AG Hill files brief arguing states can deny Medicaid status to abortion clinics

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Indiana Attorney General Curtis Hill is arguing in a Supreme Court amicus brief that states have the rightful authority to deny abortion clinics the status of being Medicaid providers.

Hill, co-leading the 19-state brief, is asking that the U.S. Supreme Court overturn lower court precedents holding otherwise in a recent 4th Circuit Court of Appeals decision. In that decision, the 4th Circuit cited the federal Medicaid Act when it prohibited South Carolina from terminating a Medicaid provider agreement with Planned Parenthood.

“The Medicaid Act merely sets forth conditions under which states may receive Medicaid reimbursement from the federal government,” Hill said in a Wednesday statement. “This legislation was never intended to restrict the authority of states to manage their own Medicaid programs. It was never meant to establish enforceable rights among abortion providers and women obtaining abortions.”

Nearly a decade ago, the Indiana General Assembly passed a law that abortion providers could not be Medicaid providers, Hill said in a news release. Federal courts invalidated that statute under the Medicaid Act, and the U.S. Supreme Court declined to review the case.

Hill now argues several Supreme Court justices have acknowledged inconsistencies in lower court precedents involving the issue in recent years.

The Indiana-led brief asks the Supreme Court to clarify whether abortion providers like Planned Parenthood may sue states to be deemed qualified Medicaid providers.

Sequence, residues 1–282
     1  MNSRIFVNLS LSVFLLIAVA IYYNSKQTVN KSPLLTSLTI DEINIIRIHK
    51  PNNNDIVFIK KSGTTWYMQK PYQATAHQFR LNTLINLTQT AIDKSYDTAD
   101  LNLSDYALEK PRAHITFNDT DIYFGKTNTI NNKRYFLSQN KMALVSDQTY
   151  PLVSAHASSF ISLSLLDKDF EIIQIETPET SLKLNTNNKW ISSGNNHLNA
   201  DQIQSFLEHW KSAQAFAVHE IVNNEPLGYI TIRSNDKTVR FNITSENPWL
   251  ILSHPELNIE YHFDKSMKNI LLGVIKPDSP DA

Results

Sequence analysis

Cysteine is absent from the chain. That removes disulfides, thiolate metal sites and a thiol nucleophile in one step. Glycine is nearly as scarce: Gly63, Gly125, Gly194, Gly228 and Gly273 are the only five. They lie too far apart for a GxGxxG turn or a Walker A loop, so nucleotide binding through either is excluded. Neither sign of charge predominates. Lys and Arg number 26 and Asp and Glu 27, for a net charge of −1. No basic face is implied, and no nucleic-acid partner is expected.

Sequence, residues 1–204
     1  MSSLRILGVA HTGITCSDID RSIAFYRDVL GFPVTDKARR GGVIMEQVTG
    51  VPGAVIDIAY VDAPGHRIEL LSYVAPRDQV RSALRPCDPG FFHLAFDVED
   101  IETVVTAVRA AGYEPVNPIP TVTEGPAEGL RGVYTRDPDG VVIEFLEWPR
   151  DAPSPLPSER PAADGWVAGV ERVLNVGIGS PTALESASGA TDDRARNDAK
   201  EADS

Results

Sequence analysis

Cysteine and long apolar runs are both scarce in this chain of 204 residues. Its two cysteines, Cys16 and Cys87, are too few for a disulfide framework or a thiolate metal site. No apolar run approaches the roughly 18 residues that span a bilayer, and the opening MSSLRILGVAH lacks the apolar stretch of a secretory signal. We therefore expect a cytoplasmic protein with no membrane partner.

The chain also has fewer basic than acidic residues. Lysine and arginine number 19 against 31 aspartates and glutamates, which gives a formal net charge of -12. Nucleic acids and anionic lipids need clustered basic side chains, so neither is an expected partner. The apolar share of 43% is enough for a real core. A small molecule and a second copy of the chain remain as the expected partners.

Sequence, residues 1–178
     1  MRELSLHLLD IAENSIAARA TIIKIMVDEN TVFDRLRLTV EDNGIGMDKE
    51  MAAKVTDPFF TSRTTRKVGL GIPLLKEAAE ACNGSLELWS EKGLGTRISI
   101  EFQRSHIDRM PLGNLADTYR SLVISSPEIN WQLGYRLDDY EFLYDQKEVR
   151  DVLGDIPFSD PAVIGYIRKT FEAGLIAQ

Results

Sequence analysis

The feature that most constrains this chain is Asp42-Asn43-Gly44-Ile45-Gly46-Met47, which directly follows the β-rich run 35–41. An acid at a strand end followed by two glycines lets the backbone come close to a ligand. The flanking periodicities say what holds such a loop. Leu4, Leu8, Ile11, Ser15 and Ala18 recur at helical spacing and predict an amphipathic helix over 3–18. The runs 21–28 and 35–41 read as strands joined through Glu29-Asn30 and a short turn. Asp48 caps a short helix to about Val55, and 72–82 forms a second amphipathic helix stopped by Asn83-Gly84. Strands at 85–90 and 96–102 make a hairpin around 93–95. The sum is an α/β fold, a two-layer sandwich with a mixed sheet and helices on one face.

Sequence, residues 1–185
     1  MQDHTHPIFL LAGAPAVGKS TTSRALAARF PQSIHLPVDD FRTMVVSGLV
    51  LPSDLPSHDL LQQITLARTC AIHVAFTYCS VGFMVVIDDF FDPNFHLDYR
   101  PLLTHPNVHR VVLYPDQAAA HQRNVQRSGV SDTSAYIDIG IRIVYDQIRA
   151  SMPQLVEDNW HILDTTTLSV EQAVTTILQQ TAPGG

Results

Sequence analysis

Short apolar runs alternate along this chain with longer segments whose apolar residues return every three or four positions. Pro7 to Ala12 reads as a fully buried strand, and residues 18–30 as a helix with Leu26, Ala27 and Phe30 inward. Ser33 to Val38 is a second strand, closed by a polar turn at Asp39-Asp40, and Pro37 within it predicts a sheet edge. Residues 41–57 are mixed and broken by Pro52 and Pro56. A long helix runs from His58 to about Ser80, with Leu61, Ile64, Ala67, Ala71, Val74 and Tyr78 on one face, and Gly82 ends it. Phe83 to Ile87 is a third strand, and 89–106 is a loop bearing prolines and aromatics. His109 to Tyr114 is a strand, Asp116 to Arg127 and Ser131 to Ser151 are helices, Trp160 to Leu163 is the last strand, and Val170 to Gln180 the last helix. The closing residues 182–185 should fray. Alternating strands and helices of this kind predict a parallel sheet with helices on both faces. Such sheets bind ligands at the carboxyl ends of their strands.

“The Medicaid Act is not a civil-rights statute imposing duties and restraints on States with respect to healthcare financing,” the brief says. “Rather, it creates a program that States may use to finance their own healthcare benefits for the poor and disabled. … States have substantial discretion to design and administer their Medicaid programs within broad federal guidelines.”

The brief further asserts the Supreme Court should affirm that Medicaid providers and beneficiaries are not the rightful enforcers of federal Medicaid rules. Instead, it argues that responsibility falls to the U.S. Secretary of Health and Human Services.

“That sort of executive judgment, made by an official appointed and removable by the President, and subject to judicial review at the State’s request, is critical to the proper functioning of Medicaid,” the brief argues. “… The Secretary may adjust the funding spigot (gradually if so desired), but in all events the law permits a State to do as it sees fit. In contrast, a federal court in a lawsuit like this may only issue an injunction that upsets the federal-state tradeoffs put in place by politically accountable officials.”

The Supreme Court has not made a decision on whether it will hear the case, Joshua Baker, Director, South Carolina Department of Health and Human Services, Petitioner v. Planned Parenthood South Atlantic, et al., 19-1186.

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